June bugs – stopping parasites from bugging your pets!

Hurrah, it’s June!  Which means the weather is (hopefully) warming up and summer is just around the corner!  However, just as we enjoy the sunny conditions, so do the bugs and beasties that live on our pets.  A little forethought and treatment now, can save a whole lot of trouble (and maybe some vets bills!) in the future.

Fleas

These irritating little creatures are the ones everyone thinks about as the weather warms but here’s an interesting fact; actually the worst time of year for fleas is the Autumn.  Then the few fleas our pets have picked up over the summer move into our centrally heated houses and have a party.  However, what that means is by protecting our pets over the summer, we not only keep them from getting itchy bites now, we can stop a house infestation later!

It can be surprisingly difficult to know if an animal has fleas, especially cats who are good at grooming out all the evidence, but you need to look for small black flecks of flea dirt in the coat, small red raised bites on the skin, excessive scratching and, of course, the insects themselves.  Rather than waiting for them to appear (especially as you will probably miss them anyway), treating against them preemptively is best.  There are various ways of doing this including spot-ons, tablets, sprays, injections and collars.  However, whichever you chose to use, make sure it comes from your vet, who will provide far more effective products (and better advice!) than pet shops.

Scabies

The more common name for Scabies is ‘Fox Mange’ and certainly most dogs (it is very rare in cats) who contract it are often those who enjoy rolling in fox poo (why DO they do that?!) or poking their heads down fox holes.  The Scabies mite is a burrowing kind; it digs through the skin causing a great deal damage.  The most commonly affected body areas are the head, ears, limbs and groin, where the skin will lose the hair, be very red and inflamed, is often extremely scabby and always very itchy.  It is easily treated, and prevented, using veterinary spot-on medications.

Ticks

Although these little blighters are most active in the Spring and Autumn, if the weather remains warm but wet (which pretty much describes our summers!), they can survive longer.  When they are attached, ticks look like small, grey beans stuck onto the skin.  They remain in place for a few days and get larger over this time as they gorge themselves on our pet’s blood.  Left untreated they will eventually drop off but while they are biting they can infect animals with some nasty diseases, are unsightly and can leave the skin very sore.  There are spot-ons which kill ticks but usually the best way to remove them is manually.  Tick pullers are cheap and easy to use, your vet can give you a demonstration!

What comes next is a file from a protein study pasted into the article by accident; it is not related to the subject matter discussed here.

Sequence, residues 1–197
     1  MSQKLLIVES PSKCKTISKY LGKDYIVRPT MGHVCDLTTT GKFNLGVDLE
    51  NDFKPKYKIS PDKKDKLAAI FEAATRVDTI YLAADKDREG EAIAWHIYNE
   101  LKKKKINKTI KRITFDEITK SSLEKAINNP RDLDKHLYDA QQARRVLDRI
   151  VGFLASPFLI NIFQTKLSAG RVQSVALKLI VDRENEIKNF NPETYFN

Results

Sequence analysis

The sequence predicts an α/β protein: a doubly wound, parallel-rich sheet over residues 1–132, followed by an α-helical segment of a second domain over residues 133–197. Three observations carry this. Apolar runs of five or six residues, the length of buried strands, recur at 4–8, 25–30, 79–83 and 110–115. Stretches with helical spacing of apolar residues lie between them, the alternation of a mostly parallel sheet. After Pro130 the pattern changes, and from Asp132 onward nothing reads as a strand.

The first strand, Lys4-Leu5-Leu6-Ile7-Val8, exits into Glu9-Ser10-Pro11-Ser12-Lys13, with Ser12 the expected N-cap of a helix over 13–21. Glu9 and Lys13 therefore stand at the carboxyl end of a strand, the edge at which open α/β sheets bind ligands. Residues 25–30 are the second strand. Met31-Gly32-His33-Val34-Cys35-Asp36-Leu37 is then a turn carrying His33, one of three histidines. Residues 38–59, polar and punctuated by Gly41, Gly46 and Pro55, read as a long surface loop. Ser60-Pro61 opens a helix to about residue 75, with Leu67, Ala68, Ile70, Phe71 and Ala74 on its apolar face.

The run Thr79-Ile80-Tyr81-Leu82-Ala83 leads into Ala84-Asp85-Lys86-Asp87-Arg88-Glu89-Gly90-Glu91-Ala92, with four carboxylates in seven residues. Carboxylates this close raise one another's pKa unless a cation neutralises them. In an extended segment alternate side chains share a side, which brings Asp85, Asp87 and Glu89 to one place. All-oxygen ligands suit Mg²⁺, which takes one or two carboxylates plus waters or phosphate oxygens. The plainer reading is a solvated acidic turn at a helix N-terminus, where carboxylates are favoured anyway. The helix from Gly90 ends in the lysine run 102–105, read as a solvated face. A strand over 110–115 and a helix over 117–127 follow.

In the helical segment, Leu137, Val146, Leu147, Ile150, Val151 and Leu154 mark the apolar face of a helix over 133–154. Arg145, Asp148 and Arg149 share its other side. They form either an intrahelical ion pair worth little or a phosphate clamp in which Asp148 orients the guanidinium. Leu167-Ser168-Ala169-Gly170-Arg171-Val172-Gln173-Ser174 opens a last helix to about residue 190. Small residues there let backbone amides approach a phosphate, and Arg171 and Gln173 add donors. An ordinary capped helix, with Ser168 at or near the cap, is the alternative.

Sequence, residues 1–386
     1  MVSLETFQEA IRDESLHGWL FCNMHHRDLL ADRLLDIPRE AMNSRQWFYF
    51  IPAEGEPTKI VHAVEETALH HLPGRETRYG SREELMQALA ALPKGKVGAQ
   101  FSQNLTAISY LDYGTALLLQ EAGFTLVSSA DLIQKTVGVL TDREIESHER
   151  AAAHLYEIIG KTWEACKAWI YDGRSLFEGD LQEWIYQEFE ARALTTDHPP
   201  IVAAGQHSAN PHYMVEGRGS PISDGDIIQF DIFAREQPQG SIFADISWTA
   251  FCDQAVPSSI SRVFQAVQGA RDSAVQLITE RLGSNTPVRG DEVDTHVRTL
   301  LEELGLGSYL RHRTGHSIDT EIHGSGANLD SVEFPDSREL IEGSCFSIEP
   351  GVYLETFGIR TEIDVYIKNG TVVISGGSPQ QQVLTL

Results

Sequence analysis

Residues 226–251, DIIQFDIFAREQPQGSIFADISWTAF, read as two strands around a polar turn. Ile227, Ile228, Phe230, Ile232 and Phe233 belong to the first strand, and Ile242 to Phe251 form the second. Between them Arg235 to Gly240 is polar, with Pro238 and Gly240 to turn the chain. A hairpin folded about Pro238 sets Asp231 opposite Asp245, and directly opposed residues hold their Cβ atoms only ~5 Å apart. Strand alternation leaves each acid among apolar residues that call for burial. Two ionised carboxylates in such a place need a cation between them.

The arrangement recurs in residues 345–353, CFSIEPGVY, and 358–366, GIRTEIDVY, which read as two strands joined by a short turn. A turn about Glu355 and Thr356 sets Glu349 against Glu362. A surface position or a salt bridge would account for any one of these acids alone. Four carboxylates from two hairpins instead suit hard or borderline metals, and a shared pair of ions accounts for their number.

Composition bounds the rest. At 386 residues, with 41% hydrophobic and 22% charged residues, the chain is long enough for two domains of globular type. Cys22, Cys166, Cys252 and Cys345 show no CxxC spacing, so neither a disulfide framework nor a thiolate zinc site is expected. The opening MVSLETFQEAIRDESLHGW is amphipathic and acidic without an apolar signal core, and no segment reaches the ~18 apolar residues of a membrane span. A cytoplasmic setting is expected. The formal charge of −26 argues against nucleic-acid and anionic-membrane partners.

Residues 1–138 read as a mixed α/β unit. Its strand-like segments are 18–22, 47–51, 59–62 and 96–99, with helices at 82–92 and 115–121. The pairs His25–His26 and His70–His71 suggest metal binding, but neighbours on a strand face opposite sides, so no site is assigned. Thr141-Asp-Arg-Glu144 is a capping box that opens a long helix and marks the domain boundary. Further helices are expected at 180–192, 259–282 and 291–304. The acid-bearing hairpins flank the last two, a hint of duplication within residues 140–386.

Worms

Regularly worming your pets all year round is important, especially if you have young children, but it is particularly vital in the warmer months.  This is for several reasons; firstly, many of the worms that infect our pets are passed from prey animals, so hunters (and it is mainly cats but some dogs are very good rabbiters!) are more vulnerable when prey numbers are higher.  Secondly, worm eggs (which are microscopic & are passed in faeces in their millions) can survive in soil for a long time and although most pets get out and about all year round, most inevitably spend more time outside, and more time snuffling though flowerbeds and undergrowth, in the summer.

Like fleas it can be very difficult to know if a pet has worms.  Many people know about signs like itchy bottoms & bloated tummies but, in fact, most infestations are symptom free, another reason why regular treatment is vital.  There are spot-ons, tablets and liquids available and, again, your vet is the best source for advice on which kind to pick.

I hope I haven’t made your skin crawl too much thinking about all these little blighters!  Just remember, prevention is always better than cure and the best people to ask for advice on what is best for your pets is always your vet!

Cat Henstridge BVSc MRCVS – Read more of her blogs at www.catthevet.com

If you have any worries about your pet, please make an appointment with your vet, or try our Symptom Guide.

Ask a vet online – ‘Can you suggest a home remedy for mites in dogs please?’

Question from Sharon Barett:

Hi can you suggest a home remedy for mites in dogs please? I used the spot on treatment off the vet for 3 months but it did not make any difference she still scratches it a King Charles Spaniel 5 months old thank you .x

Answer from Shanika Winters MRCVS, online vet

Hi Sharon and thank you for your question regarding your itchy Cavalier King Charles Spaniel.  In order to answer your question I will discuss the possible causes of the itch, how we work out a diagnosis and then some treatment options.

Dog Scratching Flea

Getting the itch!

Why is my pet scratching/itchy?

If your pet is scratching itself then something will be causing an irritation, most commonly this is due to the presence of external parasites such as fleas (Ctenocephalides canis or felis) or mites (e.g. cheyletiella, sarcoptes scabeii). Itchiness can also be due to the presence of an allergy to things you pets eats (food allergy), contacts (contact allergy) or inhales (atopic allergy).

How to diagnose the itch

It is really important to work with your vet to find out the cause of your pet’s itch. The first thing your vet will do is ask for a detailed history of your pets condition including how long it has been going on, any changes to your pets routine, any changes to your household, what treatments have already been tried and if they have had any effect.

The next step is for your vet to perform a full physical examination of your pet paying extra attention to the skin and coat, underlying diseases can have symptoms that affect the skin which include Hypothyroidism( under active thyroid gland), Cushing’s disease ( over production of steroid) and diseases of the immune system.

Finally your vet may suggest performing some diagnostic test on your pet such as skin scrapes, hair plucks, sticky tape strips, skin biopsies, wet paper test, swabs and blood tests.

Skin scrapes: these involve use of a sterile scalpel blade to scrape the surface of your pet’s skin to collect surface cells and debris, which is then examined under a microscope usually for parasites and or fungi.  For certain parasites such as Demodex mite (not usually itchy) a deep scrape has to be taken.